Our CNC router takes a two or three dimensional computer model of an object and very precisely mills, cuts, or shapes the object out of any soft material. This low-priced high-quality desktop CNC router cuts intricate and accurate pieces. The machine allows an individual to shape objects that would otherwise be too tedious, difficult, or impossible to complete by hand. Our router can cut wood, plastic, foam, and many other soft materials. It is not intended to cut metals, however we learned recently that it can easily carve basic red bricks. We regularly experiment with new materials to increase the potential applications of our machine. For an updated list of materials we have tested, visit the “Tools and Materials” page on our website as well as the “Updates” section on our Kickstarter page. The frame and mechanical components of our CNC router are custom designed from the ground up to minimize the cost of the machine without incurring any unacceptable loss of performance. We are trying to provide something that people have been able to purchase for a couple of years, but at a fraction of the price.
The Router’s Specs:
- Custom closed loop controller
- 9.2in x 8.7in x 1.9in workspace (234mm x 221mm x 48mm) (cutting/working area)
- 12in x 14in x 14in machine size (dimensions of the entire machine)
- .00005in (.001mm) minimum step size (the minimum amount the machine can be instructed to move)
- .1mm – .5mm repeatability depending on feed rate and material (the ability to return to the same spot after a process; accuracy)
- 5in/min (127mm/min) maximum feed rate (the rate it can move in any one direction). For those unfamiliar with feed rates, compared to more expensive CNC setups, this is very slow.
Tools: End Mills, Drill Bits, V-bits
Materials: Wood, Plywood, Brick, Foam, Copper Clad PCB Board, Leather, Steel, 3D Printed ABS, Delrin
An end mill is a bit which is designed to cut in as it moves through material in any direction. End mills are useful for cutting out a shape by cutting all the way through, or to create pockets or slots by cutting only partially through the material. The general rule is that an end mill should only cut to a depth of about 1/2 to 1/4th of it’s diameter with each pass, so a 2mm end mill might step down 1mm with each pass. If you are using a .8mm end mill it’s probably not practical to follow this rule, but it’s worth keeping in mind.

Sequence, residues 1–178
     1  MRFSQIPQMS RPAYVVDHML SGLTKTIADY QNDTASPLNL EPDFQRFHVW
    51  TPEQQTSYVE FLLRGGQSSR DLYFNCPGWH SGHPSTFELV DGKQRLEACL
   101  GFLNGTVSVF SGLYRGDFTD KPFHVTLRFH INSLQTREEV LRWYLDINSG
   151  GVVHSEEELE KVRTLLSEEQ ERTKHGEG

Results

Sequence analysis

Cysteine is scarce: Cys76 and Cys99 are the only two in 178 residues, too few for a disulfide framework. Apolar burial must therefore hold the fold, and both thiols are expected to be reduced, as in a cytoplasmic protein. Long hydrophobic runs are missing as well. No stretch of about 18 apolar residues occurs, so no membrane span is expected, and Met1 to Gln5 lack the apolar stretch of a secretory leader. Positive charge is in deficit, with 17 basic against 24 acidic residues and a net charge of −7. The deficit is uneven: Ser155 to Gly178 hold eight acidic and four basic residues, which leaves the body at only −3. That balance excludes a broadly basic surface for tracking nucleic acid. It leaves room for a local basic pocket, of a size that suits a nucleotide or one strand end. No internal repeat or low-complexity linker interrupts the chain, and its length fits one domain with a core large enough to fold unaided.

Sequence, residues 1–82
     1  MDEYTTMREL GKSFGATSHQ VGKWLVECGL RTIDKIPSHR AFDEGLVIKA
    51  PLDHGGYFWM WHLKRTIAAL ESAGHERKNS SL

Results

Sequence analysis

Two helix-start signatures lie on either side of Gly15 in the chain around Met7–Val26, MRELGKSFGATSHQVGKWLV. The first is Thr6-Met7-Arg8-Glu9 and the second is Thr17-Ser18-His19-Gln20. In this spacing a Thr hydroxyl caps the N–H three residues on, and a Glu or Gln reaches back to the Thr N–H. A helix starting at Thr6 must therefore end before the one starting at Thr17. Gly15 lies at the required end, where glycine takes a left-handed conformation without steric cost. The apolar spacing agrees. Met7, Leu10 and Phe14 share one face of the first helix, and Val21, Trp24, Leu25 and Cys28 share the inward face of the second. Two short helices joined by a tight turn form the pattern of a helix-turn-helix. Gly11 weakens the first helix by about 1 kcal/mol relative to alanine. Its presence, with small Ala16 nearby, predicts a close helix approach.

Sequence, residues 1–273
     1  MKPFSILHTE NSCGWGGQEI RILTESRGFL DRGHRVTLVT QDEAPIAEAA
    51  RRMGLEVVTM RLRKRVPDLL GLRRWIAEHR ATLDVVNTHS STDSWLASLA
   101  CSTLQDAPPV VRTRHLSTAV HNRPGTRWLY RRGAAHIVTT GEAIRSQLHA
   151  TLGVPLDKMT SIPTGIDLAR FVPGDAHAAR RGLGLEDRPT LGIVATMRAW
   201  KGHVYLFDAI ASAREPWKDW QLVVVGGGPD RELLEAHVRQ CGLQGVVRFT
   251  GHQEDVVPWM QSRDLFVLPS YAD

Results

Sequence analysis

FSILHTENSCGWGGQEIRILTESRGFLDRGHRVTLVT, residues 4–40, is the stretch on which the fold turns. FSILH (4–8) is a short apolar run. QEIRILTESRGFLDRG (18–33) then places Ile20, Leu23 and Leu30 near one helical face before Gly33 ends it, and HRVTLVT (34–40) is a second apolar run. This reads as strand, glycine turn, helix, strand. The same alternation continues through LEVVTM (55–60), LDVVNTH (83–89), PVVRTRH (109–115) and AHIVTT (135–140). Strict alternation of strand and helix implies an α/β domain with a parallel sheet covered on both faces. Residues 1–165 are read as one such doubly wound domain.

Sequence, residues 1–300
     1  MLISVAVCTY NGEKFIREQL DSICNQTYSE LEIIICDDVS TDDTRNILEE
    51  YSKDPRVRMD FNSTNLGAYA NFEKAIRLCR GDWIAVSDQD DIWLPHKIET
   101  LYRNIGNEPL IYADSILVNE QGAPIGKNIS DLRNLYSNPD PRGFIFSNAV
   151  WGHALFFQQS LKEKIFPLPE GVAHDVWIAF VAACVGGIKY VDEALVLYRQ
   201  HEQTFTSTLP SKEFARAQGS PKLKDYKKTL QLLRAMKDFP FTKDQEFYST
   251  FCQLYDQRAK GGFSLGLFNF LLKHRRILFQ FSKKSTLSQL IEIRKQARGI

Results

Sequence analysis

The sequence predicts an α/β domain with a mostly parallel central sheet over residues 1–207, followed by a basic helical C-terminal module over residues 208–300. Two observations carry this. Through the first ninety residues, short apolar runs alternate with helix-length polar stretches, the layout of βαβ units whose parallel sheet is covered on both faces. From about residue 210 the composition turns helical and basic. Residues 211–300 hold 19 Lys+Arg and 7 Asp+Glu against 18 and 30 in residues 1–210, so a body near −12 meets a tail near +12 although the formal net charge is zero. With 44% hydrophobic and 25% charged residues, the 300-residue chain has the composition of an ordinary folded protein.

The picture below is of a 2mm end mill. The second picture is of the same 2mm end mill with a .8mm end mill next to it for comparison. Both pictures were taken through a microscope.
Shown are a 2mm and a .8mm toothed end mill.
V-bits are mostly useful for engraving text or routing circuit boards. V-bits are nice because they leave an attractive v-shaped groove and they are typically much cheaper than an end mill of comparable size and material. Buy the tungsten carbide ones, they are worth it. You can find these on ebay pretty easily.
The picture below is a view of the upper right corner of the ‘M’ from the engraving seen through a microscope. The engraving was made with a 45 degree v-bit.
Wood is one of the best materials out there. It is strong, light, easy to work with, beautiful, readily available, and inexpensive. Wood is a broad category ranging from balsa wood to iron wood, so you will have to do some experimenting to see what works best for any particular wood. In general, wood will yield accurate and beautiful objects and can either be cut or engraved. When cutting wood it is important not to burn the wood or your end mill. Rotary tools often can be set to very high speeds (30,000 RPM or higher). These kinds of speeds will cause your end mill to heat up rapidly and burn the wood you are cutting. To prevent this from happening, when cutting wood, use a lower spindle speed in conjunction with a relatively high feed rate (feed rate is how fast the bit is moving laterally) and a small step down (a step down is how much deeper the bit cuts with each pass). This combination lets you maintain accuracy without burning your bit.
One of a number of pieces that combine to form the rib for a wooden kayak